Massive development in the city’s downtown has decimated the core of many artist residencies, programs, and affordable studio spaces. While it is good for business and attracting new residents, this building spree has also erased the areas where artists have been easily accessible to the community. Conversely, total reliance on private and philanthropic funding puts resident artists at the behest of these givers. It runs the risk of dictating content. Without city input, they are in a supplicant position, and whatever cultural position they wish to take is left without legs.
A local website is blaming this proposed Office elimination on Open Spaces, the citywide arts festival that took place from August 25th to October 28th, 2018. On the whole, Open Spaces was a good thing. The city has space and talent to handle an event of this magnitude. While the event included both, it relied far too much on artists known better to readers of Art in America than the Kansas City Star. (Editor’s note: this writer reviewed Open Spaces for Art in America and included as many locals as international artists). The lopsided use of out-of-town artists over-showcasing Kansas City’s creative community was a mistake, and hopefully will be corrected in the event’s next iteration.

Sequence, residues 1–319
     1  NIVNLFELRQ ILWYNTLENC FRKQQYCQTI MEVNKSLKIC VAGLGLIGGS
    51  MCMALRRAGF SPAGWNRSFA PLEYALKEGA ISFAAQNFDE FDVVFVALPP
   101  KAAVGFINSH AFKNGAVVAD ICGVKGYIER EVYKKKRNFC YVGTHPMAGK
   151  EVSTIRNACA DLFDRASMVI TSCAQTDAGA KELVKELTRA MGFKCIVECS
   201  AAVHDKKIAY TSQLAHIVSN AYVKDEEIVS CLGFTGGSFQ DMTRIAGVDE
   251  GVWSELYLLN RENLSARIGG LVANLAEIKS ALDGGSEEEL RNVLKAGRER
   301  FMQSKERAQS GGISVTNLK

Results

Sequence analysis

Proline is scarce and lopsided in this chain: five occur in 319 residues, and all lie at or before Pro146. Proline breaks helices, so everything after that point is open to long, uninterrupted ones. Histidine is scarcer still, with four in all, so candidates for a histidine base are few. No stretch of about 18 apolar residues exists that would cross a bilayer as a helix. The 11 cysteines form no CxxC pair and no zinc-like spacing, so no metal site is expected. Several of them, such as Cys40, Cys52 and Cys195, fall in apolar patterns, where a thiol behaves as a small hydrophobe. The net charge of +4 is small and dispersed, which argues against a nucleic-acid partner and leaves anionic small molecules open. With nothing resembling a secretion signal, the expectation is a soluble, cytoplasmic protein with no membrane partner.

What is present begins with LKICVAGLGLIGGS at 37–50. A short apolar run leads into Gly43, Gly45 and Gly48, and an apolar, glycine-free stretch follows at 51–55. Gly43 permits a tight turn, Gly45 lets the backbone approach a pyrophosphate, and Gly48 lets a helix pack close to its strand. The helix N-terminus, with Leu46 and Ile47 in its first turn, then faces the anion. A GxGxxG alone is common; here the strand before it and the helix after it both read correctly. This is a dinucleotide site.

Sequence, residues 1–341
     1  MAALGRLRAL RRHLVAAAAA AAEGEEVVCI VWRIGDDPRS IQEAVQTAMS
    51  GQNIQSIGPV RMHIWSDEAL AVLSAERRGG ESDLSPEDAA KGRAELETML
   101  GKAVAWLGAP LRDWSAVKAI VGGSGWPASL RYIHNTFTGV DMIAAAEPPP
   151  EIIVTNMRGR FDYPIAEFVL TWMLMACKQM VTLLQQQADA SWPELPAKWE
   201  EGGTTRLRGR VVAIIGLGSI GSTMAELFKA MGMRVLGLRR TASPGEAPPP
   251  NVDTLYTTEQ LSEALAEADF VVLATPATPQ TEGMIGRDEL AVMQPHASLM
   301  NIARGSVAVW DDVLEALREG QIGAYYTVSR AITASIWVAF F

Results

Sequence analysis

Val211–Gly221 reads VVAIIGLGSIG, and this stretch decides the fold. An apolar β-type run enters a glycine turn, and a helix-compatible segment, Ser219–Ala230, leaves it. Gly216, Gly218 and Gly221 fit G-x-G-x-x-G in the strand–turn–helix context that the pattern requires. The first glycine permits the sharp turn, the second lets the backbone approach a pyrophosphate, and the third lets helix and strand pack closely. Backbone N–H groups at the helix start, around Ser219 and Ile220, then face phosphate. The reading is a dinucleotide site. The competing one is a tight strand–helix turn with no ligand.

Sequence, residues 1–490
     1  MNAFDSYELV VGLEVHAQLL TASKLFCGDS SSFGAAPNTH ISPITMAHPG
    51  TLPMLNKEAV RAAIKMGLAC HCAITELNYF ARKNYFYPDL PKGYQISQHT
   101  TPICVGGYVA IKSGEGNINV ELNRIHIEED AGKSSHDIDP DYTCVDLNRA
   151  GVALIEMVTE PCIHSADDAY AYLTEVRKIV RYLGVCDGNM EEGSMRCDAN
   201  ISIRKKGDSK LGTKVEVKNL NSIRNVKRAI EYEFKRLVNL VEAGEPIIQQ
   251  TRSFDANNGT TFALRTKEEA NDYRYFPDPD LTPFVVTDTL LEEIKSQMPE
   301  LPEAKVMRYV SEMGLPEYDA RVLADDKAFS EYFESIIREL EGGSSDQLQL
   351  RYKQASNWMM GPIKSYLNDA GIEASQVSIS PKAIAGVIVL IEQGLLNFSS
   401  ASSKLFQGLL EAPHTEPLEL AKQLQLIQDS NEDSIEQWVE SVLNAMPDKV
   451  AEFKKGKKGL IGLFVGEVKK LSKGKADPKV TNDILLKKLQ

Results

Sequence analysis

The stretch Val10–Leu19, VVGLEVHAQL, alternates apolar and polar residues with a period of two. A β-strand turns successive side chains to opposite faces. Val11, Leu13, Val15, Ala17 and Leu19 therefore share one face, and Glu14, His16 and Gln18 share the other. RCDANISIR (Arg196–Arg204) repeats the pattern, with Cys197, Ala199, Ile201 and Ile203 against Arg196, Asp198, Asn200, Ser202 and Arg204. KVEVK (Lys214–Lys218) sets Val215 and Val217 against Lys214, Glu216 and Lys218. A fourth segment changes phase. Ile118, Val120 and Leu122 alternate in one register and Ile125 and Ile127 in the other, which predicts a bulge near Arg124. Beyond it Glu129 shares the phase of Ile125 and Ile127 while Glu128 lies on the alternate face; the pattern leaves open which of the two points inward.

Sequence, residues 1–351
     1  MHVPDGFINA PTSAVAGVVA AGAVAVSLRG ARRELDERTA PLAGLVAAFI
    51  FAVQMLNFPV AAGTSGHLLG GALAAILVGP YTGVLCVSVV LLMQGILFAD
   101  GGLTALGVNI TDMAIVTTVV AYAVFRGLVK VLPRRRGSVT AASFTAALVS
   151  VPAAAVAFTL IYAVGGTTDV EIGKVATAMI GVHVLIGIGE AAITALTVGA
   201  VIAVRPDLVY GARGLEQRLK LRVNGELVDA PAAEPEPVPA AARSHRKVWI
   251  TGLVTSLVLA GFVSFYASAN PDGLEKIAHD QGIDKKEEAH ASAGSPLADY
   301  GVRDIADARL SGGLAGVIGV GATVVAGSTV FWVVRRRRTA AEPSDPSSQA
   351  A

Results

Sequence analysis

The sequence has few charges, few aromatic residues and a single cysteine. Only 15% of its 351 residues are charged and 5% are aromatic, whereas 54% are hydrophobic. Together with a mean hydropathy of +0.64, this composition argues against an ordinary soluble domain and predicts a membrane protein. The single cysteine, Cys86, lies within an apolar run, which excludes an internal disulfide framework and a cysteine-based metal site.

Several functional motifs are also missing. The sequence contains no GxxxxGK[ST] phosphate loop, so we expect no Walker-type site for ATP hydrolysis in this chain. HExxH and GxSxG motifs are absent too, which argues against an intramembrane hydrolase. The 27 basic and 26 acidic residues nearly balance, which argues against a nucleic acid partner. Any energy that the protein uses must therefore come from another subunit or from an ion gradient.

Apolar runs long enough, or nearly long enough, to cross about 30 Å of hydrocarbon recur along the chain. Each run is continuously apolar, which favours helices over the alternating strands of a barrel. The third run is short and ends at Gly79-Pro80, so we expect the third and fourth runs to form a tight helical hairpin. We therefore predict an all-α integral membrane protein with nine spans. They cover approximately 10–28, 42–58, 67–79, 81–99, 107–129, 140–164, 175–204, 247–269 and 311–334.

A failure of then-mayor Sly James’ office to not meet its obligation to match private funding also raised the hackles of many. Further issues include the unnecessary creation of a very expensive and poorly attended musical showcase that sidelined Open Spaces’ visual art. A lack of city coordination to transport visitors easily and a failure to pay several artists to the point that enacted a lawsuit left a scathing mark on an otherwise pro-art James administration.
It is the artists’ job to show how failure with grace fulfills a destiny of going forward. In the past, another citywide event, America: Now and Here was an enormous success that included almost an entirety of Kansas City-area artists. Started by artist Eric Fischl, the event could be considered a catalyst for bringing the eyes of the national art scene to Kansas City.